K.S. Hegde, J.
These appeals, by special leave arise from Sessions Case No. 111 of 1964 in the Court of Additional Sessions Judge, Poona. In that case four persons, namely Vijaysing Ansaram Pardeshi (A-1); Assaram Vithalsing Pardeshi (A-2); Sitaram Vithalsing Pardeshi (A-3) and Ramesh alias Ramakant Vishwanath (A-4), were tried for an offence under Section 302 read with Section 34, Indian Penal Code for causing the murder of one Madan. Further A-3 was tried for an offence under Section 324, Indian Penal Code for causing an injury with a knife to witness Ambaji. The trial Court acquitted A-2 and A-4 and convicted A-1 and A-3 under Section 302/34, Indian Penal Code for which offence they were sentenced to suffer imprisonment for life. A-3 was also convicted under Section 324, Indian Penal Code and for that offence he was sentenced to suffer rigorous imprisonment for four months. The two sentences imposed on A-3 were ordered to run concurrently. The convicted accused appealed to the High Court of Bombay. The State of Maharashtra appealed against the acquittal of A-2. The acquittal of A-4 was not challenged. The High Court dismissed the appeal filed by A-1 and A-3 and allowed the State appeal and convicted A-2 under Section 302/34, Indian Penal Code, and sentenced him to suffer imprisonment for life. Criminal Appeal No. 168 of 1967 has been filed by Asaram Vithalsing Pardeshi (A-2) and Sitaram Vithalsing Pardeshi (A-3) and Criminal Appeal Ho. 48 of 1968 has been filed by Vijaysing Asaram Pardeshi (A-1).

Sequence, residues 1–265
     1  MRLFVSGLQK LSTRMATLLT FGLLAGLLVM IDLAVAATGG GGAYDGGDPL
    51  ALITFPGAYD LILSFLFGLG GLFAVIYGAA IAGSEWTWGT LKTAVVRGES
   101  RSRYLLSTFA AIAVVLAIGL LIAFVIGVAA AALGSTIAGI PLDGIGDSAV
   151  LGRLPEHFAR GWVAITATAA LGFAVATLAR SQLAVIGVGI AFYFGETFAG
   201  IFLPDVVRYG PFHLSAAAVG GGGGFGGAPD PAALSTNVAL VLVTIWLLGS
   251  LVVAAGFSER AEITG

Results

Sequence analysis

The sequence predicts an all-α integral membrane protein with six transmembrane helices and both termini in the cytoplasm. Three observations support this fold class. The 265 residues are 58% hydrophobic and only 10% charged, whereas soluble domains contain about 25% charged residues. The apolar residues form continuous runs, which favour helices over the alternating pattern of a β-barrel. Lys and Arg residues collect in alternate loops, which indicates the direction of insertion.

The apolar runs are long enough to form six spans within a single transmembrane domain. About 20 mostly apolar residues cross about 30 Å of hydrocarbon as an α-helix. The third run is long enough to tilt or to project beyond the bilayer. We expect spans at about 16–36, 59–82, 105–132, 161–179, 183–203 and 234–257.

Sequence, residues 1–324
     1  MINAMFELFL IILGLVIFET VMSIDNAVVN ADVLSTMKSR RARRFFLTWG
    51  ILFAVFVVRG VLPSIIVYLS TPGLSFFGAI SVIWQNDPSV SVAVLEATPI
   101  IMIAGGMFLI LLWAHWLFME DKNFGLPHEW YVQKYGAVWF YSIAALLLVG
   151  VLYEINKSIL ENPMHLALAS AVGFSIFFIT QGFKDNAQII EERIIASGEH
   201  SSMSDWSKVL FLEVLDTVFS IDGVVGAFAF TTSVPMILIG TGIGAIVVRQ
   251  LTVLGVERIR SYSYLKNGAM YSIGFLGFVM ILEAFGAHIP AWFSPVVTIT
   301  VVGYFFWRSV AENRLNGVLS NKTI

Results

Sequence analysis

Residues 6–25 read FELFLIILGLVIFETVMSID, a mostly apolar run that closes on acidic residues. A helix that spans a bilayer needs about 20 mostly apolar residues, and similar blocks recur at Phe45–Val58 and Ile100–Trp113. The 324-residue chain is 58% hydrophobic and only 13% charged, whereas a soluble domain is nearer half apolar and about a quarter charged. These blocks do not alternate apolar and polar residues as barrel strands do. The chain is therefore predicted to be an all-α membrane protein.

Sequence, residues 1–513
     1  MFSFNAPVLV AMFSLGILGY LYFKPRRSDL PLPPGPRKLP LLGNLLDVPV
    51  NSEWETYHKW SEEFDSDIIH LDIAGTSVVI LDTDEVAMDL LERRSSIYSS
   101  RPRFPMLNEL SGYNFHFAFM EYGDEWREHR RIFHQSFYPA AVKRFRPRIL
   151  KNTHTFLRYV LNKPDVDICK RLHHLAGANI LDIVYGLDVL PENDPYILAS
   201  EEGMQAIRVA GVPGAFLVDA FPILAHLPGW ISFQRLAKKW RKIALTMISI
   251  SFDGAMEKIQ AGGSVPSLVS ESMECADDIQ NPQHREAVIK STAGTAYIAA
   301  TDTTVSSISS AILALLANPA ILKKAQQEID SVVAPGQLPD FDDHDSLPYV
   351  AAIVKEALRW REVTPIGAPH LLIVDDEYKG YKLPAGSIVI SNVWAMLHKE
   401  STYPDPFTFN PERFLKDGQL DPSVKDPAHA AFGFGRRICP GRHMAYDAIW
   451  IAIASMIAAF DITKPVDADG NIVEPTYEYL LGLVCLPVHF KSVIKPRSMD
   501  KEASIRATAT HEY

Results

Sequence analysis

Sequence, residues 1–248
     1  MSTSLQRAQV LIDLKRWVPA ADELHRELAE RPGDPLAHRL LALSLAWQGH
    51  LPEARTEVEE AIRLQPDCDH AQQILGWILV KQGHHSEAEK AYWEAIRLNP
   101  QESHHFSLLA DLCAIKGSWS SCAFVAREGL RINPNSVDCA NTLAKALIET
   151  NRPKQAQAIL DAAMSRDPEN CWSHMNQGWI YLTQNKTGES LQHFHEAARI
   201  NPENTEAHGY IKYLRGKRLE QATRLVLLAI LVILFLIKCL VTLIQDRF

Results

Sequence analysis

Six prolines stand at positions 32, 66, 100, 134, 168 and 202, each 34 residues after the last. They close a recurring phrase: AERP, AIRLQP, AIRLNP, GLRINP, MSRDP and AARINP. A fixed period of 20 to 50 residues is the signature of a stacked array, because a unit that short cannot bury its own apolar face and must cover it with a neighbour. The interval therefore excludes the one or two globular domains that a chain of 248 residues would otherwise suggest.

2. A-2 and A-3 are brothers. A-1 is the son of A-2. A-4 is said to be a friend of A-1. P.W. 5, Shakuntala is the sister of P.W. 11 Dnyanoba. Deceased Madan is said to be an intimate friend of Dnyanoba. At about the time of the occurrence P.W. 5 Shakuntala was staying in her parental house as she had come there for delivery. P. Ws. 5 and 11 were living with their parents in a tenement adjoining the house of A-2 in Poona City. It is admitted that there used to be constant quarrels between the families of P.W. 5 and that of A-2. The further case of the prosecution is that a few days before the occurrence, there was a quarrel between A-1 and his father and at that time attracted by the cries of A-2, P.W. 5 went near their room. Angered by the intrusion of P.W. 5, it is said A-1 came and slapped her. When she complained about this matter to her brother P.W. 11, he asked her to take it easy. On the date of the occurrence namely on August 7, 1964, the deceased Madan and A-4 came to the house of P.W. 5. At that time P.W. 5 complained to Madan about the conduct of A-1. Madan questioned A-1 about it. Then hot words were exchanged between Madan and A-1. A little later A-3 came out and called out A-1 saying that the deceased Madan, P.W. 11 Dnyanoba and P.W. 7 Ambaji were near the urinal. On hearing that A-1 rushed out with a barchhi in one hand and knife in the other. Seeing the commotion, P.W. 5 went out of the house. Near the urinal which was very near the house of P.W. 5, there was a fight between Ambaji and A-3. At that stage A-3 snatched the knife from the hands of A-1 and stabbed Ambaji on the buttocks. This was at about 10 p. m. Seeing this incident Dnyanoba and Madan ran away from the place and it is said that the four accused chased them and caught hold of Madan at a place known as Phulwala Chowk. At that time A-1 stabbed Madan twice on his chest. On receiving these blows Madan fell down dead. Thereafter all the accused ran away from the place but on the way they were stopped by some police officers on patrol duty; A-1 to A-3 were taken into custody and later on produced before the Station House Officer. P.W. 5 on seeing that her brother and Madan were being chased is said to have followed them and saw the incident at Phulwala Chowk. After the accused ran away from the scene, she went near Madan and found him dead. At that time she found a barchhi fallen in a pool of water. She picked up that barchhi and proceeded to the police station direct and laid the First Information Report. The First Information Report in the case was laid at about 11 p. m. In the First Information Report the entire prosecution case has been set out. A-1 to A-3 were produced in the Police Station at about 11.15 p. m.